9. Greenwood, J. & Hercowitz, Z., 1991. "The Allocation of Capital and Time Over the Business Cycles," UWO Department of Economics Working Papers 9104, University of Western Ontario, Department of Economics.
  10. Caballero, R.J. & Lyons, R.K., 1991. "External Effects in U.S. Procyclical Productivity," Papers 91-19, Columbia - Graduate School of Business.
  11. Benhabib Jess & Farmer Roger E. A., 1994. "Indeterminacy and Increasing Returns," Journal of Economic Theory, Elsevier, vol. 63(1), pages 19-41, June.
  12. Susanto Basu & John G. Fernald, 1995. "Aggregate Productivity and the Productivity of Aggregates," NBER Working Papers 5382, National Bureau of Economic Research, Inc.
  13. Michael Woodford, 1990. "Self-Fulfilling Expectations and Fluctuations in Aggregate Demand," NBER Working Papers 3361, National Bureau of Economic Research, Inc.
  14. Rogerson, Richard, 1988. "Indivisible labor, lotteries and equilibrium," Journal of Monetary Economics, Elsevier, vol. 21(1), pages 3-16, January.
  15. Michael Woodford, 1990. "Equilibrium Models of Endogenous Fluctuations: an Introduction," NBER Working Papers 3360, National Bureau of Economic Research, Inc.
  16. Marianne Baxter & Robert G. King, 1991. "Productive externalities and business cycles," Discussion Paper / Institute for Empirical Macroeconomics 53, Federal Reserve Bank of Minneapolis.
  17. Eisner, Robert, 1988. "Extended Accounts for National Income and Product," Journal of Economic Literature, American Economic Association, vol. 26(4), pages 1611-84, December.
  18. Robert E. Hall, 1991. "Labor Demand, Labor Supply, and Employment Volatility," NBER Chapters, in: NBER Macroeconomics Annual 1991, Volume 6, pages 17-62 National Bureau of Economic Research, Inc.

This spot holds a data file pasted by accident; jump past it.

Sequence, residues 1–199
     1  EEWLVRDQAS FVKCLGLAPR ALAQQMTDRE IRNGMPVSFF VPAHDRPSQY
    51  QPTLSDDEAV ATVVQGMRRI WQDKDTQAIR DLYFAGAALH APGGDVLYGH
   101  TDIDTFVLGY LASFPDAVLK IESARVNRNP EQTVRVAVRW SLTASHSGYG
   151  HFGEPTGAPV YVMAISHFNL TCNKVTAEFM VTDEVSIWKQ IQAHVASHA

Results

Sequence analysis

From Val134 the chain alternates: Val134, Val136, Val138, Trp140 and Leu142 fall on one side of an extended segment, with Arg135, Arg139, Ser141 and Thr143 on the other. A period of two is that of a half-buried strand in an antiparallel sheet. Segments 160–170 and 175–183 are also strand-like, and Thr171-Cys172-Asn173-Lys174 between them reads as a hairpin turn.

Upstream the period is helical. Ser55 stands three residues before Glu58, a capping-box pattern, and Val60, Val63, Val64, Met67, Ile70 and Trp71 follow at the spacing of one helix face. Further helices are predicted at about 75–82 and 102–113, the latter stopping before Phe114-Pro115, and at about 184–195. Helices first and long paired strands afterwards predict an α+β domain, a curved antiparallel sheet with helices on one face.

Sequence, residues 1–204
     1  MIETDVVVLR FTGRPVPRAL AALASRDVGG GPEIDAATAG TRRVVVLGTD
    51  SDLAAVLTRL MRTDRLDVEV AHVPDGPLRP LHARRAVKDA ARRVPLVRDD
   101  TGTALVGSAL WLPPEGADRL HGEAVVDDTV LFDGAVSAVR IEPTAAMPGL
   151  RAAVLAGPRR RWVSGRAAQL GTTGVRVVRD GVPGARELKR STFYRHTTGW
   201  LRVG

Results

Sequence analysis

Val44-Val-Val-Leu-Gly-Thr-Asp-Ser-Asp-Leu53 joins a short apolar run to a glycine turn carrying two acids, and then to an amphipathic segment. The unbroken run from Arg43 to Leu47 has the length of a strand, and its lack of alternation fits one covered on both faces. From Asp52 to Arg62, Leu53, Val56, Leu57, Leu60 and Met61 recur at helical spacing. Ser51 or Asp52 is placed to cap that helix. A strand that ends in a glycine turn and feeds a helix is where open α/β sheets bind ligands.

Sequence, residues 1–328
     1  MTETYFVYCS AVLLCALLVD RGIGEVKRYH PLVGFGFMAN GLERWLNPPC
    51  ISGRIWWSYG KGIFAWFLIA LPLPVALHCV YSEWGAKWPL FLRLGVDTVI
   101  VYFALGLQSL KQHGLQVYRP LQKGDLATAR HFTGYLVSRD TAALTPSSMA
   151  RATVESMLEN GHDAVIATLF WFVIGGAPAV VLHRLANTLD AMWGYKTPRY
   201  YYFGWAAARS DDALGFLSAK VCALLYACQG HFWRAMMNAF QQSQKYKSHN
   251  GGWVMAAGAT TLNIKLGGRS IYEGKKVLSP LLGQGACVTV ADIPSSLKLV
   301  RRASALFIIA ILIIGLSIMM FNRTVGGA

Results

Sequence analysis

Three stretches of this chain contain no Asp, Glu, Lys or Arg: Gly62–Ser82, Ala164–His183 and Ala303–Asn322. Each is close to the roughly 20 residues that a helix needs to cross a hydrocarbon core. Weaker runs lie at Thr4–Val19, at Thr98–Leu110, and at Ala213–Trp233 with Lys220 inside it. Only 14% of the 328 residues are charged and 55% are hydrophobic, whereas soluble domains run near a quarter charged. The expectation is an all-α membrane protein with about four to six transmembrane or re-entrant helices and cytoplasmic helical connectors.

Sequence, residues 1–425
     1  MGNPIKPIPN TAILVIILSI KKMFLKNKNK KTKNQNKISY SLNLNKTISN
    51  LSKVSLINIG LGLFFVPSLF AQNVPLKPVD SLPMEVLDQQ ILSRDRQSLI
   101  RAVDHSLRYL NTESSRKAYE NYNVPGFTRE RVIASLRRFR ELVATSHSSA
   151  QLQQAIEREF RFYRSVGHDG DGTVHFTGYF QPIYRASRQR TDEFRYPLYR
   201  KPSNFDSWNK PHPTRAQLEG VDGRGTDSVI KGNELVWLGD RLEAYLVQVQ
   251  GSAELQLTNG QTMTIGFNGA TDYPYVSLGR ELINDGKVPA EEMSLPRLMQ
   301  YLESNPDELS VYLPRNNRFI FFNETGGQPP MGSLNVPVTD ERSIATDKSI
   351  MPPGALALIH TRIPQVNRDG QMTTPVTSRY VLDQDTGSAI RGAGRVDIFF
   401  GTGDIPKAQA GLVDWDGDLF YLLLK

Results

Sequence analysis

19. Julio J. Rotemberg & Michael Woodford, 1991. "Markups and the Business Cycle," NBER Chapters, in: NBER Macroeconomics Annual 1991, Volume 6, pages 63-140 National Bureau of Economic Research, Inc.
  20. Ellen McGrattan & Richard Rogerson & Randall Wright, 1993. "Household production and taxation in the stochastic growth model," Staff Report 166, Federal Reserve Bank of Minneapolis.
Full references (including those not matched with items on IDEAS)

Citations

Citations are extracted by the CitEc Project, subscribe to its RSS feed for this item.
as in new window

Cited by:
This item has more than 25 citations. To prevent cluttering this page, these citations are listed on a separate page.

Lists

This item is not listed on Wikipedia, on a reading list or among the top items on IDEAS.

Statistics

Access and download statistics

Corrections

When requesting a correction, please mention this item's handle: RePEc:eee:moneco:v:41:y:1998:i:1:p:105-125. See general information about how to correct material in RePEc.

For technical questions regarding this item, or to correct its authors, title, abstract, bibliographic or download information, contact: (Zhang, Lei).

If you have authored this item and are not yet registered with RePEc, we encourage you to do it here. This allows to link your profile to this item. It also allows you to accept potential citations to this item that we are uncertain about.

If references are entirely missing, you can add them using this form.

If the full references list an item that is present in RePEc, but the system did not link to it, you can help with this form.

If you know of missing items citing this one, you can help us creating those links by adding the relevant references in the same way as above, for each refering item. If you are a registered author of this item, you may also want to check the "citations" tab in your profile, as there may be some citations waiting for confirmation.

Please note that corrections may take a couple of weeks to filter through the various RePEc services.